“I love my country and I love to be Russian,” says Capitals left wing Alex Ovechkin. (Nick Wass/AP)

As 6:30 p.m. neared on Thursday, the room appeared to get more restless. Chairs had been neatly assembled in rows to face a podium at the front, but no one sat down. Instead, the invited crowd stood by the door as it waited for the honored guest, voices getting more hushed the later it got.

The chatter ceased when it became apparent he had arrived. Alex Ovechkin made his way through a large ballroom in the Russian Embassy, with chandeliers hanging from high ceilings and gold drapes decorating marbled walls. He then emerged in the doorway of the smaller room where he was expected, taking a seat with his family at the front before everyone else followed and filed into the seats behind him.

In dark jeans and a black polo, Ovechkin was at ease here. He had been invited to the embassy to receive an award for his dedication and contribution to the Olympic movement in Russia. It was a way for Ovechkin to be thanked for his devotion to his home country, one he’s seemingly never turned down.

It was fitting that this recognition came 10 years into his NHL career and with him three goals away from matching Sergei Fedorov’s record for goals scored by a Russian player in the NHL. That milestone will go down as one of many for Ovechkin in a storied career that isn’t close to its end, but this one will be special because it is tied to his love for Russia, the country he has represented even while playing in America’s capital.

“My first priority was to be Russian and to represent my country,” Ovechkin said. “It doesn’t matter what stage, the NHL or world championships or just to give an interview. It’s my home. My family’s there and my friends. Of course, I’m playing here, but this is my second home.”

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On Thursday, Ovechkin was introduced as the player who has agreed to represent Russia no matter the circumstance. Even last year, after the Washington Capitals lost to the New York Rangers in the second round of the playoffs, Ovechkin got on a plane to Prague less than 24 hours removed from the Game 7 overtime loss.

He could help Team Russia in the IIHF World Championships, so he did, even after completing an 82-game regular season, then 14 playoff games. It marked his 11th appearance at the annual event. He and Team Russia have won gold medals in 2008, 2012 and 2014.

“I love my country, and I love to be Russian,” Ovechkin said. “I’m proud to be Russian. Obviously, I have a good relationship with everybody in government and people in Russia, so it’s a huge honor for me.”

Ovechkin spoke briefly, thankful for the recognition. The embassy then presented his mother, Tatyana Ovechkina, with a bouquet of red roses and asked her to speak. In Russian, she said Ovechkin deserves the recognition and spoke about how much her son loves Russia, saying that he when he arrives there, he kisses the ground.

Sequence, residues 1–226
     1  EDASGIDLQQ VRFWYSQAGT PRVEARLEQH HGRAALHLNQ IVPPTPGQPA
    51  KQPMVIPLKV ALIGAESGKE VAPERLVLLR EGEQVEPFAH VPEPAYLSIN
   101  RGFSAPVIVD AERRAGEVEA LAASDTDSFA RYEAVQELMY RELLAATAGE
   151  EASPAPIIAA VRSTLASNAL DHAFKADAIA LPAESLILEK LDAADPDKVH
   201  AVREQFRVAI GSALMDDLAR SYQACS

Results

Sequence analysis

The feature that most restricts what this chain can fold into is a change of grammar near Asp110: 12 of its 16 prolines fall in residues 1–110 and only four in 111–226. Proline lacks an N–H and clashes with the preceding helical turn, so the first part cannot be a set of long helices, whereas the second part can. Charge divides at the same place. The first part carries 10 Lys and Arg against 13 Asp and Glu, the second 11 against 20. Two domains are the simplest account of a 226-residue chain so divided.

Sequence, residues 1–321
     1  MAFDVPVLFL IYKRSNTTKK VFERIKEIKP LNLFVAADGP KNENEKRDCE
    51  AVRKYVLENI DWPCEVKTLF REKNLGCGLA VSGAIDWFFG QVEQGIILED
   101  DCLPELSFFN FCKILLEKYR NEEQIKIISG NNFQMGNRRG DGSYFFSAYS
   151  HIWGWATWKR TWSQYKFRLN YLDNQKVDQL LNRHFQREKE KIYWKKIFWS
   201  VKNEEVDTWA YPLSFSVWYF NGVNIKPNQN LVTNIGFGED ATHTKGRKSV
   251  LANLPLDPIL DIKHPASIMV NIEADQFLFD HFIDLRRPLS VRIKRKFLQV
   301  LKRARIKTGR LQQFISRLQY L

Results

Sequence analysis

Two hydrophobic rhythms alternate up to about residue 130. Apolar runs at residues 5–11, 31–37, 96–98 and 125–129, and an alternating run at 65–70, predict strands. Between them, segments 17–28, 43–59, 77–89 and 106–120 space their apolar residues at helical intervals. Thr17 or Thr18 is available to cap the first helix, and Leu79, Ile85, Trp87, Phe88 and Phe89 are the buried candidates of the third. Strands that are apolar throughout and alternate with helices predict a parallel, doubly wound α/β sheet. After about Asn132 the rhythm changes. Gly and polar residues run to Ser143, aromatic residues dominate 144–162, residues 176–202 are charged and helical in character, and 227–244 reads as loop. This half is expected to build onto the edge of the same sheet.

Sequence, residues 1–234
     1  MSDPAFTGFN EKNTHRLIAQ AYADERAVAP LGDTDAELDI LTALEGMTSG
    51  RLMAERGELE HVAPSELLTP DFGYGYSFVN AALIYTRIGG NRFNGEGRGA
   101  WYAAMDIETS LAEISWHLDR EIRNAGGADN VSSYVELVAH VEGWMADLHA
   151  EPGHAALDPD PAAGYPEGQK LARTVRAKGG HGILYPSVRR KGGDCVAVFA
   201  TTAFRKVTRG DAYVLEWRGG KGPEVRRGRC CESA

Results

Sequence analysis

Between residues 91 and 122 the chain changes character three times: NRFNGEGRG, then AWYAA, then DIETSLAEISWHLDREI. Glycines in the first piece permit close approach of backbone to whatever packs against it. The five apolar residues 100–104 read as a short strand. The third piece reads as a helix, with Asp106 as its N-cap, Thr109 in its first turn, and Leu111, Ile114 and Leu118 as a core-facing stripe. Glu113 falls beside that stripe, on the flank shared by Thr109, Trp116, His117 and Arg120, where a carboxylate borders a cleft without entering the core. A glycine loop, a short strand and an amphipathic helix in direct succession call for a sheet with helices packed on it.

“You can’t forget who raised you and where you went to a good athletic training school,” Tatyana said in Russian. “He doesn’t forget about that.”

Ovechkin said he has fans in both Russia and the United States, but when he’s in Moscow, he’s surrounded by friends. In the United States, it’s just his family, fiancee and teammates. Ovechkin said “one day, maybe sooner or later it’s going to happen,” that he will play in Russia, but for now his focus is still on winning a Stanley Cup in Washington.

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Meeting with Russian media after receiving the award, Ovechkin was treated like the spokesman for Russian players in the NHL. He was asked whether Russia’s Kontinental Hockey League is doing a better job of preparing players who ultimately desire to play in North America, about the play of Russian teammate Evgeny Kuznetsov, about how Russian players are treated here with the current Russian political climate.

Finally, Ovechkin was asked whether he would pass Fedorov’s record for NHL goals scored by a Russian player. After scoring five goals in his first five games, Ovechkin has cooled off; he hasn’t had a goal in his last four games. But he cracked a joke that he would probably manage three more goals.

That’s a safe bet; he has scored more than 50 goals in a season six times during his career. When Fedorov’s record is his, he said he will call his former Capitals teammate. Ovechkin has 480 goals in 769 NHL games, the most of any player since he entered the league in 2005, but with the 484th one, he will set the standard for Russian hockey players.

“It’s going to be huge,” Ovechkin said. “I played with him growing up, when I was a teenager. He teach me a lot, and it’s going to be a huge honor to beat his record and be number one.”